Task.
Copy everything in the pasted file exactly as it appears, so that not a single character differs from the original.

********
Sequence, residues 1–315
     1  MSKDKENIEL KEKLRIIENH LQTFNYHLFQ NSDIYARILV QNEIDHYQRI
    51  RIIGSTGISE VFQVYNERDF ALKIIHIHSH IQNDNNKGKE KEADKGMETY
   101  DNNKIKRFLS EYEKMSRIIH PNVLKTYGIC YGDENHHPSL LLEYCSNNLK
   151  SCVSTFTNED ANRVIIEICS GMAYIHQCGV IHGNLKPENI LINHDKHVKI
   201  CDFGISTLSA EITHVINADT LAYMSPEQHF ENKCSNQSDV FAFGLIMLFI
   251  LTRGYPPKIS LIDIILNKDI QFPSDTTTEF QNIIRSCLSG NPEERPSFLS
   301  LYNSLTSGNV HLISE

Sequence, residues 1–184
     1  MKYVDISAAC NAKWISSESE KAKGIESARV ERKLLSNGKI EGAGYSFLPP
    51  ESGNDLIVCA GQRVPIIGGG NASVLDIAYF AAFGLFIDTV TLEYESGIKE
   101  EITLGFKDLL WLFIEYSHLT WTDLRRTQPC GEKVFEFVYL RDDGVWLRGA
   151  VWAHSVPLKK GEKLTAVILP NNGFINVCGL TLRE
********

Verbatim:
Sequence, residues 1–315
     1  MSKDKENIEL KEKLRIIENH LQTFNYHLFQ NSDIYARILV QNEIDHYQRI
    51  RIIGSTGISE VFQVYNERDF ALKIIHIHSH IQNDNNKGKE KEADKGMETY
   101  DNNKIKRFLS EYEKMSRIIH PNVLKTYGIC YGDENHHPSL LLEYCSNNLK
   151  SCVSTFTNED ANRVIIEICS GMAYIHQCGV IHGNLKPENI LINHDKHVKI
   201  CDFGISTLSA EITHVINADT LAYMSPEQHF ENKCSNQSDV FAFGLIMLFI
   251  LTRGYPPKIS LIDIILNKDI QFPSDTTTEF QNIIRSCLSG NPEERPSFLS
   301  LYNSLTSGNV HLISE

Sequence, residues 1–184
     1  MKYVDISAAC NAKWISSESE KAKGIESARV ERKLLSNGKI EGAGYSFLPP
    51  ESGNDLIVCA GQRVPIIGGG NASVLDIAYF AAFGLFIDTV TLEYESGIKE
   101  EITLGFKDLL WLFIEYSHLT WTDLRRTQPC GEKVFEFVYL RDDGVWLRGA
   151  VWAHSVPLKK GEKLTAVILP NNGFINVCGL TLRE